SXSW Film Review: ‘Fits And Starts’ A Wry, Charming Romantic Comedy


There’s something inherently masterful about the performances of both Wyatt Cenac and Greta Lee in writer/director Laura Terruso’s Fits and Starts. It’s the kind of movie that could be playing in the background with the sound off, but even casual glances would lead you to believe exactly what was going on with little doubt.

Cenac plays David, a struggling writer who’s working to establish himself beyond the short story he wrote for the New Yorker some years back. Lee plays his wife, Jennifer, who is finding fame and notoriety in the world of writing after the success of her latest novel.

David’s understandably insecure about his role in their relationship, constantly feeling as though he’s invisible in the eyes of her colleagues. Jennifer, on the other hand, blames David for his own self-perceived problems, and finds herself just a bit too caught up in her own world to really understand what he’s going through.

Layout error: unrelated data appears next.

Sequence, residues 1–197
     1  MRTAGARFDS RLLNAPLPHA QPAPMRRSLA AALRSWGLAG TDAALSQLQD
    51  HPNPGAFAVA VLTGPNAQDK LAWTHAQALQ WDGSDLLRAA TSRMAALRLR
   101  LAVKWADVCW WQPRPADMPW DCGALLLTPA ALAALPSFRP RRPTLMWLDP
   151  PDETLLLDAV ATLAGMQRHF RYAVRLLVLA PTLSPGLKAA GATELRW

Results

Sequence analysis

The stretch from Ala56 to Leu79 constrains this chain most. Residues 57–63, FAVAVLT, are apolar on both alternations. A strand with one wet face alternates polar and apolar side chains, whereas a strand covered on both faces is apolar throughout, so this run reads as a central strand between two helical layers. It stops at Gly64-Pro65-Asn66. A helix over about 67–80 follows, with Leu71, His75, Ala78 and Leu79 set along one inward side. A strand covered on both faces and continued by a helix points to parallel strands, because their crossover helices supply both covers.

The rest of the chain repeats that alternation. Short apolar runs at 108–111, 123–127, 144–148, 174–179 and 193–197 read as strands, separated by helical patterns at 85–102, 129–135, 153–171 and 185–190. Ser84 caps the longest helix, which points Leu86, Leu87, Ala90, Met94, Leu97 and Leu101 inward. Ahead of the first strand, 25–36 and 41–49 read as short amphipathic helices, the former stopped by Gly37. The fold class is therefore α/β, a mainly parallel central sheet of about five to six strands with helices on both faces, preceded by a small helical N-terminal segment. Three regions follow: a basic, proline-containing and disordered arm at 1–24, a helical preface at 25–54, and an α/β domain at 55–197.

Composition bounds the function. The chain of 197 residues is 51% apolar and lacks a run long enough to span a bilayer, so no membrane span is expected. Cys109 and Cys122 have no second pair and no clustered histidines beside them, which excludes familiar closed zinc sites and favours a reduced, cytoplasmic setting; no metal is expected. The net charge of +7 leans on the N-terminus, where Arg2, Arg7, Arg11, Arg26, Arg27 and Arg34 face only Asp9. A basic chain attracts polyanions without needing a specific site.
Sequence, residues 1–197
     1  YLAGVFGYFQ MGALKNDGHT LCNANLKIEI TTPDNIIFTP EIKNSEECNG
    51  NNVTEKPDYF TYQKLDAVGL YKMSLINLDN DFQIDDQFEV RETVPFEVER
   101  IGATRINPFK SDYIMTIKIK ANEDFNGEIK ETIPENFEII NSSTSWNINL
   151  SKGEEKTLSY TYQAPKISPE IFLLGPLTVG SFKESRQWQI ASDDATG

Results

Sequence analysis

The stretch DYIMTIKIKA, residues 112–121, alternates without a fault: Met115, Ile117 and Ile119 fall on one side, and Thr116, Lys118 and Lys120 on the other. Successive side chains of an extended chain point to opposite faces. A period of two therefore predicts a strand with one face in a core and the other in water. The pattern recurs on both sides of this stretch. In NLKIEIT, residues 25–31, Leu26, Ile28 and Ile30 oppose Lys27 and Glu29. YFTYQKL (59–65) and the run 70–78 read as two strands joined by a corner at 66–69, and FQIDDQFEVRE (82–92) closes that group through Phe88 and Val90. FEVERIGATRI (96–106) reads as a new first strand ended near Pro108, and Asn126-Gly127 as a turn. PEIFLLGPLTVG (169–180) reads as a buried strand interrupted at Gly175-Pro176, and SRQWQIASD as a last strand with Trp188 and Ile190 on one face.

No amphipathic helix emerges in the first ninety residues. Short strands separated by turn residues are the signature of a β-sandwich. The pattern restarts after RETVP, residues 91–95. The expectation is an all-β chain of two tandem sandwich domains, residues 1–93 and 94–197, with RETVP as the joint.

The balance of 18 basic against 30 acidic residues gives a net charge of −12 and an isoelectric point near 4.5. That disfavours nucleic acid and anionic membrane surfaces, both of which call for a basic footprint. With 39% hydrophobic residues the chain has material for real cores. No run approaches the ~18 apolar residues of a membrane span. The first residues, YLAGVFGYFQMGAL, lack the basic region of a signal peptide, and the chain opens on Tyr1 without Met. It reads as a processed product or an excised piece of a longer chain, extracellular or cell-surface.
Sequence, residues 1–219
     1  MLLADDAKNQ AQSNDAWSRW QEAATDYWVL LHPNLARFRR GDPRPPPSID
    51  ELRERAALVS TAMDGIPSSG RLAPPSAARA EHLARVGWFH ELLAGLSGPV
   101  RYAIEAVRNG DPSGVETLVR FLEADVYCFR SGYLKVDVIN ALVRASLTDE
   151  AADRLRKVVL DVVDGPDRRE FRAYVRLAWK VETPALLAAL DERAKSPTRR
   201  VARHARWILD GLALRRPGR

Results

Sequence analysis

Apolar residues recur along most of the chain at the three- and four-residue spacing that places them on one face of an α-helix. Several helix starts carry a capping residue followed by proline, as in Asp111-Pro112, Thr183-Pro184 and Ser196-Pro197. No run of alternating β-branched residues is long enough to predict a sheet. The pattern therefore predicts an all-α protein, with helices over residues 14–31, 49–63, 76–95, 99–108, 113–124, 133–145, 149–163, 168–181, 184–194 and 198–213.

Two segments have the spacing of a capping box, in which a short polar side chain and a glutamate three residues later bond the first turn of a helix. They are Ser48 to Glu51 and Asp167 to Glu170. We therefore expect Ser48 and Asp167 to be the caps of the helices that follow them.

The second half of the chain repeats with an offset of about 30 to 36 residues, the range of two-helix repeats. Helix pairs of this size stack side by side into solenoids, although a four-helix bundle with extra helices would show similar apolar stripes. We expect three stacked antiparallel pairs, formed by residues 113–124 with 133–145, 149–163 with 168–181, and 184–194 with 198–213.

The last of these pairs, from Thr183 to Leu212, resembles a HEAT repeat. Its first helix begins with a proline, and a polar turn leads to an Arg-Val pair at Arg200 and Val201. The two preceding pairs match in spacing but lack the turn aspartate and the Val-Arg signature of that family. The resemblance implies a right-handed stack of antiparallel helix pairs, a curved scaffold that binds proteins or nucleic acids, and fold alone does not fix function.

Though she does offer David a solution: come to her publisher’s house in Connecticut for a WASP-y gathering of East Coast liberals to help get himself out there.

It’s also where the problem starts to arise. David forgets the wine on the counter, and thanks to Connecticut’s restrictive liquor laws, they have to venture back to their home state of New York to procure a proper bottle. After constant bickering, they end up separated, and David, on the advice from some local cops (brilliantly played by Sam Seder and Larry Murphy), decides to attend the party in hopes that she’ll already be there.

With Jennifer off on her own agenda, the film mostly stays with Richard, as he finds himself stuck with a gathering of pretentious, downright insufferable artists. It’s here that Cenac continues his quiet, understated performance as a fish-out-of-water with a kind of subdued expertise, telling his character’s story through facial expressions and raised eyebrows.

Overall, Fits and Starts is a film that uses two writers to juxtapose the idea of couples not communicating effectively with one-another, and creates a wry, effortlessly charming romantic comedy.

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